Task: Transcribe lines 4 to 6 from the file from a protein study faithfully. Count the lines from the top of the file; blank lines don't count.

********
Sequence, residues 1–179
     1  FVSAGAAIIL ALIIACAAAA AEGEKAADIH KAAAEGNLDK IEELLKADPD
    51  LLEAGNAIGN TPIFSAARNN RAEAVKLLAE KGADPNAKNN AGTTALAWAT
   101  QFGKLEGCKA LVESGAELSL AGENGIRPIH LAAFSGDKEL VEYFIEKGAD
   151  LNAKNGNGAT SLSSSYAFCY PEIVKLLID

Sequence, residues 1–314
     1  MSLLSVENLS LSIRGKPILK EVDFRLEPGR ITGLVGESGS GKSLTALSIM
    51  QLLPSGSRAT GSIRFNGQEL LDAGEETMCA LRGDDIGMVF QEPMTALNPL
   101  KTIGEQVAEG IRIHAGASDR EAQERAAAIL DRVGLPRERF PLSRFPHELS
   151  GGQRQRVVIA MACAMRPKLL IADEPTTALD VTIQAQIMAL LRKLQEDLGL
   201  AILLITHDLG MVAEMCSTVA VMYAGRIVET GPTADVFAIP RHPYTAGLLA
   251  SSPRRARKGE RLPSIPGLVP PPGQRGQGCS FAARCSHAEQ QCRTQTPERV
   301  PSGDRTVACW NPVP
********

   101  QFGKLEGCKA LVESGAELSL AGENGIRPIH LAAFSGDKEL VEYFIEKGAD
   151  LNAKNGNGAT SLSSSYAFCY PEIVKLLID

Sequence, residues 1–314